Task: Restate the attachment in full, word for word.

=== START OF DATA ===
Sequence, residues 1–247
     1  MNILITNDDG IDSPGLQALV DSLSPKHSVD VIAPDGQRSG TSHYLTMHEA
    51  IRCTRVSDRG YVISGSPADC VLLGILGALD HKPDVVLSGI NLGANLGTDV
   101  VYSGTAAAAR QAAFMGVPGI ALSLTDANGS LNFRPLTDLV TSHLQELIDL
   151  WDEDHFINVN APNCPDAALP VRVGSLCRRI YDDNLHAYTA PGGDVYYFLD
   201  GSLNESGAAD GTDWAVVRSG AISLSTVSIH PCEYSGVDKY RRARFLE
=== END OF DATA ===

Sequence, residues 1–247
     1  MNILITNDDG IDSPGLQALV DSLSPKHSVD VIAPDGQRSG TSHYLTMHEA
    51  IRCTRVSDRG YVISGSPADC VLLGILGALD HKPDVVLSGI NLGANLGTDV
   101  VYSGTAAAAR QAAFMGVPGI ALSLTDANGS LNFRPLTDLV TSHLQELIDL
   151  WDEDHFINVN APNCPDAALP VRVGSLCRRI YDDNLHAYTA PGGDVYYFLD
   201  GSLNESGAAD GTDWAVVRSG AISLSTVSIH PCEYSGVDKY RRARFLE